- 3. Mathematics in Middle and Upper Primary EDUC8505 between concepts and conventional language/symbols, enabling semiotic meaning making without stifling inherent thought processes. Opportunities to build fluency are provided in each lesson of the programme through reading, writing, talking and listening. Another feature linked to developing conceptual understanding is allowing students to actively expend effort in making sense of important mathematical ideas. Festinger’s (1957) theory of cognitive dissonance describes perplexity as a central impetus for cognitive growth, and Hatano (1988) identifies cognitive incongruity as the critical trigger for developing reasoning skills that display conceptual understanding (Lester, 2007). This is consistent with constructivist ideas of presenting problems near the boundary of the student’s Zone of Proximal Development (Vygotsky, 1978), allowing sufficient challenge to promote thinking and application of conceptual knowledge, while supporting opportunities for success and maintaining positive affect: “Acquired knowledge is most useful to a learner when it is discovered through their own cognitive efforts, related to and used in reference to what one has known before” (Bruner, cited in Cowan, 2006, pg 26). The programme incorporates problem solving allowing different solution methods: Lessons 6 & 12 provide additive and multiplicative thinking arising from invented strategies for division questions, allowing students opportunities to ‘struggle’ with relevant mathematical concepts in authentic scenarios. The teacher’s role encompasses providing children with engaging, challenging and enjoyable experiences which emphasise conceptual understanding and promote a positive attitude towards mathematics. Implicit in this is creating a classroom environment which allows opportunities for discussion, assists students in becoming fluent with conventional mathematical language/symbols and is accepting of invented strategies and solution methods. This facilitates students’ forming connections between multiple representations and abstracting meaning from experiences to progress and apply their mathematical thinking. (810 words) Sharon McCleary 3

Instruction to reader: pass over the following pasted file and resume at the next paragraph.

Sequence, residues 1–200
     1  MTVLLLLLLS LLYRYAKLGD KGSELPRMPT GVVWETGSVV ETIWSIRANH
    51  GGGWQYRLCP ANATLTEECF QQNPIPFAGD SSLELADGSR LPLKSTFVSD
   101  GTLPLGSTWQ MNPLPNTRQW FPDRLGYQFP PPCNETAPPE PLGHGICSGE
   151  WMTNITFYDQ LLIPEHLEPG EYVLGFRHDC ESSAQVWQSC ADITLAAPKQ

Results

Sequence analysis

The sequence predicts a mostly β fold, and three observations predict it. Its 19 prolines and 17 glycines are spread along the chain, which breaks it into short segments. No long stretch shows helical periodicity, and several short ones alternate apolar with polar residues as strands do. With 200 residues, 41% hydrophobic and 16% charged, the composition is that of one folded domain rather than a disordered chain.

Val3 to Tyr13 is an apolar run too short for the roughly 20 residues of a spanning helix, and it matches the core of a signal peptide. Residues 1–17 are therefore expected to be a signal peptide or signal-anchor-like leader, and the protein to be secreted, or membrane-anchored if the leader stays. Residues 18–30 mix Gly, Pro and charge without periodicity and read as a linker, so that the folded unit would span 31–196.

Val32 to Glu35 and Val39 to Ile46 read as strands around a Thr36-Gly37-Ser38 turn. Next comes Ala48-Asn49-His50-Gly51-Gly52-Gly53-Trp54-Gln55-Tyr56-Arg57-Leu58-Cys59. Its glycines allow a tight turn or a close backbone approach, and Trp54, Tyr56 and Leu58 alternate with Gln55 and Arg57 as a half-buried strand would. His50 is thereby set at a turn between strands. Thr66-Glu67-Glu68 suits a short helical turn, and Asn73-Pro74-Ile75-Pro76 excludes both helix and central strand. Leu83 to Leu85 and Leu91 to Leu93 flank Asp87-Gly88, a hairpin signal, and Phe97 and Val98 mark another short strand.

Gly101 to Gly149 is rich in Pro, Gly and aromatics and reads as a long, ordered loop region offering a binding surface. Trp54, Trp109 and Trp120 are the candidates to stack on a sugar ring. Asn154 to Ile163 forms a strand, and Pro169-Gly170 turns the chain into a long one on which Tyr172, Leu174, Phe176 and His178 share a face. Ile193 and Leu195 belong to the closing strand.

- 4. Mathematics in Middle and Upper Primary EDUC8505 References Baroody, A. & Coslick, R. (1998). Fostering Children’s Mathematical Power, An Investigative Approach to K-8 Mathematics Instruction. Lawrence Erlbaum Associates, London. Bottle, G. (2005). Teaching Mathematics in the Primary School. Continuum, London. Burns, M. (2001). Lessons for Introducing Fractions. Math Solution Publications. California. Cathcart, W., Pothier, Y., Vance, J. & Bezuk, N. (2011). Learning Mathematics in Elementary and Middle Schools, A Learner-Centered Approach. 5th Edition. Pearson Education, Boston. Clarke, D. & Roche, A. (2009). Students’ fraction comparison strategies as a window into robust understanding and possible pointers for instruction. DOI: 10.1007/s10649-009-9198-9. Curriculum Council (Ed.). (1998). Curriculum Framework, Kindergarten to Year 12 Education in Western Australia (Mathematics Learning Area Statement). Curriculum Council of Western Australia. Perth. WA. Retrieved from http://www.curriculum.wa.edu.au Curriculum Council. (2005). Outcomes and Standards Framework and Syllabus Documents, Progress Maps and Curriculum Guide. Curriculum Council of Western Australia. Perth. WA. Retrieved from http://www.curriculum.wa.edu.au Confrey, J. & Carrejo, D. (2005). Chapter 4: Ratio and Fraction: The Difference Between Epistemological Complementarity and Conflict. Journal for Research in Mathematics Education. Sharon McCleary 5